Nik Collection High Key Filter on Sony Photographs

I’d written previously about applying Nic Collection film simulation effects on Sony photographs. The collection of filters contains many presets, plus the ability to customise the look you are after. This includes applying film grain, dust and scratches if you really want to go the whole hog.

Other Filters Are Available

The collection isn’t just about film simulation. There are many effects specific to particular genres of photography, including landscape, black and white, analogue etc. One such filter I was experimenting with fell into the Portrait pre-sets, and I found this useful on a particular set of photos I was including in a recent video.

The Very Average Sony FE 28-70mm f/3.5-5.6 OSS

The small set of photos were taken shortly before sunset, in a location that didn’t get direct sunlight. Also, I was using the very average Sony FE 28-70mm f/3.5-5.6 OSS, whose second-hand retail price of £139 tells you everything you need to know about its quality for photography. I bought this lens for video, so it’s only ever used for stills in an emergency! Here’s an example shot taken that afternoon.

Shadows are accentuated in this Sony photograph

Website compression aside, you can see quite a bit of detail is lost in the shadows. This image was literally straight out of the camera and I suspect masking could have made some improvements, but this is where the Nic Collection High Key Portrait filter came in useful…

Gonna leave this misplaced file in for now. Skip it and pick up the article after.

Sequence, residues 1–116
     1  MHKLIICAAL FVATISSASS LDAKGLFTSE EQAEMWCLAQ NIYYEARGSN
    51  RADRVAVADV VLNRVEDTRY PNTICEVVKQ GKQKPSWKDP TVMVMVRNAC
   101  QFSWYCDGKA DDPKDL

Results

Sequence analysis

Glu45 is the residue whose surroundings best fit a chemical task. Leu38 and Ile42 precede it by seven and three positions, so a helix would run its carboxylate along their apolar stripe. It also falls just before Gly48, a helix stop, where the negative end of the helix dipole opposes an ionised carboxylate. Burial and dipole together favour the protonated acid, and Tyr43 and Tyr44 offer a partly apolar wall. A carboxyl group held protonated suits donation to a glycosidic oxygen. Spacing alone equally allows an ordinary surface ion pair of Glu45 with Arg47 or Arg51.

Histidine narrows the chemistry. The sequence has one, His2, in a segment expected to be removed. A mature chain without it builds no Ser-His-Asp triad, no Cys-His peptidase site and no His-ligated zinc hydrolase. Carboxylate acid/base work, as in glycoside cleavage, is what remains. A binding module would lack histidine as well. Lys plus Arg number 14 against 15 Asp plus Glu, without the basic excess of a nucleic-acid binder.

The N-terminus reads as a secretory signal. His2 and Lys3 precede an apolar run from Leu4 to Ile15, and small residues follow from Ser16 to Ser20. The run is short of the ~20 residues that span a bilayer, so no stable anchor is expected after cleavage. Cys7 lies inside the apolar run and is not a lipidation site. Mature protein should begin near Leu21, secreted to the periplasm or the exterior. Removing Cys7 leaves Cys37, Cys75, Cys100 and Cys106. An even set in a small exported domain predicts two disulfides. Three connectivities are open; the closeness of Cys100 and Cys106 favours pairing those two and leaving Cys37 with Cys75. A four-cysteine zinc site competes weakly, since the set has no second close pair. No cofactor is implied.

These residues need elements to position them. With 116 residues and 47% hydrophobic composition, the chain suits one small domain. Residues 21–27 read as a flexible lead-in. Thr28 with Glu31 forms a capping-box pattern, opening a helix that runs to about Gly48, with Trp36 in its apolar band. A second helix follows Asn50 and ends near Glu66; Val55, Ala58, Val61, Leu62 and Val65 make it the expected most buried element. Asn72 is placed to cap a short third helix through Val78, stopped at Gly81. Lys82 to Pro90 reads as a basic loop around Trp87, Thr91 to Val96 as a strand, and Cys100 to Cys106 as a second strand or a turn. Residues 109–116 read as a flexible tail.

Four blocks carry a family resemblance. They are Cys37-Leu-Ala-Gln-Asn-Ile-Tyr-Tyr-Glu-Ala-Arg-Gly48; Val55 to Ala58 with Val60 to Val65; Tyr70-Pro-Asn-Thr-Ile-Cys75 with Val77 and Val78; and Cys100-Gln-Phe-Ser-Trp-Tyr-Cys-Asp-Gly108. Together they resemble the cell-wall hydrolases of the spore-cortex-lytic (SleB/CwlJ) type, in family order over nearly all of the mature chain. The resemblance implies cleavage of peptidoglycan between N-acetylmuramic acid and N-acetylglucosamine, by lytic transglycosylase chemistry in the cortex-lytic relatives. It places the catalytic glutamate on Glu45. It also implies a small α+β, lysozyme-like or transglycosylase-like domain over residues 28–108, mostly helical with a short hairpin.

Nik Collection high key portrait filter applied

Pulling Details From Shadows

Of course the ‘look’ is something you either like or don’t like. It has its place, but in this instance I quite like the results. It certainly pulls those details from those shadows.

The great thing about using presets like Nik Collection (and no, I am not sponsored by the owner, DxO!), is that it removes the time taken in post production and gives a look quickly. Now, I’m not suggesting that you do this on all your photographs, I certainly don’t, but this particular scenario is a good example of how it can work to your advantage.

Applying filters for a particular look

Here were a set of photographs that were destined for the recycle bin. They’re not my proudest moment, but using them as over-lays in the video helped set the scene of the location we were filming in. By giving the set of photographs a look, it helps establish a mood.

Setting the look and mood for a set of photographs

To be honest, this is lazy editing. I simply hit one button and the look was created. I made some other minor alterations to tone and contrast before applying the filter, but having this tool at my disposal helps speed-up my wordflow, especially when it comes to creating a set of photos of a specific location for our videos. The Nik Collection filter tool allows much more than a one-button solution. All the elements that go to make the look can be customised, and includes sliders that don’t exist in Photoshop or Lightroom, like Dynamic High Key.

With the crappy lighting conditions and cloudless skies, it made sense to lean into the negative space in photographs like this one.

Nic Collection uses unique sliders like dynamic high key

Applying presets is not a habit I’m accustomed to, but I do have different sets of rules for different subjects. For street photography, I make very few adjustments but allow myself more creative freedom when it comes to overlays in video.

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